Voting During COVID-19: How It Will Work

by | May 17, 2020

By Suraj Sait

In the midst of this pandemic, it’s easy to forget that we have a democracy. But fortunately for us, the Rhode Island Department of State, Board of Elections, and even local canvassers are there to remind us of the upcoming presidential primary, June 2. Unlike most years, however, Rhode Island has turned to a different, more health-conscious approach: mail ballots.

Because of the changes, Secretary of State Nellie Gorbea held a virtual panel discussion Thursday with explanations from various officials about how the process will work and answers to questions submitted by residents, about the primary, which was originally planned for April 28 but moved after the number of cases of COVID-19 started to climb. 

Normally, mail ballots serve as a supplement to physical voting locations, and because of that, they don’t tally as many votes as do the polls. Yet this year, they are expected to serve as the primary method of voting. By now, registered voters should have received their mail ballot applications, and should have these applications delivered, not postmarked, to the Board of Elections or their local town hall by May 19 (if you are registered to vote in East Greenwich and have not requested a mail ballot, contact the Town Clerk’s office at 401-886-8605). 

Once applications are verified, official voting ballots will be sent out – BOE started sending them out this weekend. Those are due by 8 p.m. primary night, June 2, but officials urge voters to return them as soon as possible.

Reliance on the mail ballot has raised concerns from some about voter fraud. One concern, in particular, pertains to receiving a mail ballot application for a former resident of a location. BOE officials say if that happens at your house, do not open the letter. Rather write on the envelope that the person for whom the ballot was intended does not live there anymore, and return the envelope to your mail carrier or the post office. From there, the envelope will be returned to the Board of Elections and will help them clean up voter rolls. 

But what’s to stop a person from just taking that application intended for another and using it? First of all, according to state officials, it’s a felony to commit voter fraud. 

Historically, mail ballots would require two witnesses or a notary public before the “oath” envelope, as it is called, could be submitted. Now, instead, ballots will be verified by a system that begins with a stamp and unique barcode, which are designed to prevent voters from submitting multiple ballots. Also, the Board of Elections will match the voter’s original voter registration card with their oath envelope, comparing the signatures; if they match, then the ballot will be counted. This process will be conducted in a public setting. In the case that the signatures don’t match, the voter could provide other identifying information – for example, a driver license number or the last four digits of their social security number – as an alternative form of confirmation. And if those can’t be confirmed either, the voter will be notified and will have to send out a special form with their signature in order to exercise their right to vote.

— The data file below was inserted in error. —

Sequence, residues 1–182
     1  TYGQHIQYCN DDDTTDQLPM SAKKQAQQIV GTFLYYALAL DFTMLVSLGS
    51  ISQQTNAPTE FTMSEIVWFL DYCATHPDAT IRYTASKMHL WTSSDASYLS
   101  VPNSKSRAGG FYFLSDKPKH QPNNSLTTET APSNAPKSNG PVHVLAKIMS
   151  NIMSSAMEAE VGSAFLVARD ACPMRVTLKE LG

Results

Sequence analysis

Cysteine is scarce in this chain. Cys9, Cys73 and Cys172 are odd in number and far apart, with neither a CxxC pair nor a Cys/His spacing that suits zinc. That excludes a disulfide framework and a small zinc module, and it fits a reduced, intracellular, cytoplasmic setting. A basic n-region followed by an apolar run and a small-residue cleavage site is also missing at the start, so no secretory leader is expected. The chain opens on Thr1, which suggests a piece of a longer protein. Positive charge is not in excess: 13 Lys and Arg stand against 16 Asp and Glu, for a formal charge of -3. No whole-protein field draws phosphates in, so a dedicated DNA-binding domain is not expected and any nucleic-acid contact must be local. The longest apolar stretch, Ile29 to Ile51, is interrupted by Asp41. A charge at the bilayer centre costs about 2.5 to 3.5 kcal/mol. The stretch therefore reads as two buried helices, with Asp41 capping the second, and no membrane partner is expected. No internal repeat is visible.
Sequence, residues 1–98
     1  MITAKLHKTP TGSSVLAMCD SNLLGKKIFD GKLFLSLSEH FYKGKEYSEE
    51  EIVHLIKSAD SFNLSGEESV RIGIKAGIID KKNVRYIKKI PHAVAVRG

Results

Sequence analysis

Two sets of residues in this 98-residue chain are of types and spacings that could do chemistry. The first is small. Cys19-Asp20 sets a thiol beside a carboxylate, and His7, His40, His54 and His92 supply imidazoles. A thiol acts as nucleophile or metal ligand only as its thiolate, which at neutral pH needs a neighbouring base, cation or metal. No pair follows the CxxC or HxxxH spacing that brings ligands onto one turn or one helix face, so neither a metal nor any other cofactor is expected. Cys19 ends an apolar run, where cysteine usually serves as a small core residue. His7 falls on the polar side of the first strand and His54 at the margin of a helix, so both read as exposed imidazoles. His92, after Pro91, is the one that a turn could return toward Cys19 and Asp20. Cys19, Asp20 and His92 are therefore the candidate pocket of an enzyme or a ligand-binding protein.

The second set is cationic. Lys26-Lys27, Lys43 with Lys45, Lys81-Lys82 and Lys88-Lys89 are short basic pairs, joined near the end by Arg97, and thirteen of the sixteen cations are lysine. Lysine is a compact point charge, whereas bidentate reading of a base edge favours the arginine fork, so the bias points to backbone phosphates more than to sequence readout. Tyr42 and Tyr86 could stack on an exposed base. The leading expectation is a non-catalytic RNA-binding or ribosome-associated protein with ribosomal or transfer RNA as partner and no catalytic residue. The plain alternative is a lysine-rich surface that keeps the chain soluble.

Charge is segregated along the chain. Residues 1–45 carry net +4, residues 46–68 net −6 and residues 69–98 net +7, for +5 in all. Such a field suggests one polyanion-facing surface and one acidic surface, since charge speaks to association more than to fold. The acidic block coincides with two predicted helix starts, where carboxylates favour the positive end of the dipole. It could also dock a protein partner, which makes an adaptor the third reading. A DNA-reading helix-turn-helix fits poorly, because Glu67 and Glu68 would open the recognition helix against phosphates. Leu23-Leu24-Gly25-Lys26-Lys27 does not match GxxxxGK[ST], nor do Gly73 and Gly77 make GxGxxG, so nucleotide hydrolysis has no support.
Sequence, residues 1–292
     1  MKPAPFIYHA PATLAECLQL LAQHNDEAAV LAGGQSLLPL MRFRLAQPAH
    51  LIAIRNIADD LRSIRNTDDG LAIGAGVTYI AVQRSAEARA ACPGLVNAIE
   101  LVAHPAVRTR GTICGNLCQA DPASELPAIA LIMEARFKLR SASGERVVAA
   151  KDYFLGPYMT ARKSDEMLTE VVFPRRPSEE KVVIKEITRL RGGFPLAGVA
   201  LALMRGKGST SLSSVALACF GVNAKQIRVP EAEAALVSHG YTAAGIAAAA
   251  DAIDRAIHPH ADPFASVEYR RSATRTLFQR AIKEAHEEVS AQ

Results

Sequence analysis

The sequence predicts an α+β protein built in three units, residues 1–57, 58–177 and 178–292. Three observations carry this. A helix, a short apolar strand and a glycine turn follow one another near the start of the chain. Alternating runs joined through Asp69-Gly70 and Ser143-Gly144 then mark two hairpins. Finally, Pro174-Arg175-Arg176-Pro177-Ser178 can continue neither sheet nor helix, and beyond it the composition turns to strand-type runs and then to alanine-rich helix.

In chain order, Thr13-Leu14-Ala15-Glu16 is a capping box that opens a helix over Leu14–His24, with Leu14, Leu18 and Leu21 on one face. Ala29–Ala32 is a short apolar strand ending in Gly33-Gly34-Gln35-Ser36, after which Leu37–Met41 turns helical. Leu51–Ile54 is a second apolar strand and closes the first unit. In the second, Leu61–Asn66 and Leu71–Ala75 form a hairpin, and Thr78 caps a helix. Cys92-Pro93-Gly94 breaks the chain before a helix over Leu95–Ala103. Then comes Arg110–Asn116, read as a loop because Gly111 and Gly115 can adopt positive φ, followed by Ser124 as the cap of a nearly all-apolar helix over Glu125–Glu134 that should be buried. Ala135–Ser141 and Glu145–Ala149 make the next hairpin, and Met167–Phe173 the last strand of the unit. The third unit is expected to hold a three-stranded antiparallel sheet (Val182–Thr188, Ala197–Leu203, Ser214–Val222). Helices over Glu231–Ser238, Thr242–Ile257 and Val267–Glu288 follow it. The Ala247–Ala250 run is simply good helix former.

The process for disaffiliation from one’s prior political party is also different this year. If you wish to disaffiliate, go to vote.ri.gov, click “Update my voter record” (find it HERE), and follow the necessary steps to update your voting record. 

Although mail ballots are heavily encouraged for this year’s elections, physical polling places will still be open, though with much fewer locations. Most jurisdictions will have only one location, with Providence having four polling locatoins and Coventry and Cranston each having two. In East Greenwich, the only polling station that will be open June 2 will be at Swift Community Center. If you live outside EG, you can find your polling location HERE

At these physical polls, according to officials, precautions will be undertaken to ensure both the safety of poll workers and voters. For example, there will be gloves, hand sanitizer, face masks, disinfectant, and even plexiglass at some locations. Workers will clean the kiosks and help maintain social distancing, with only a few voters allowed into each location at a time. Voters are asked to wear face covers at the polling station but it will not be mandatory. There will be some extra masks on hand at the polling sites. And all voters will also receive a one-time use, disposable pen to mark their ballots. 

Despite these changes, the Board of Election officials said they expect to be able to report election results in a timely fashion. There may be slight delays due to the sheer volume of mail ballots, but with two high-speed counters that can tally 4,000 to 5,000 votes an hour each, the state looks ready to tackle the challenge of democracy during COVID-19.

You can watch the discussion about the presidential primary HERE.


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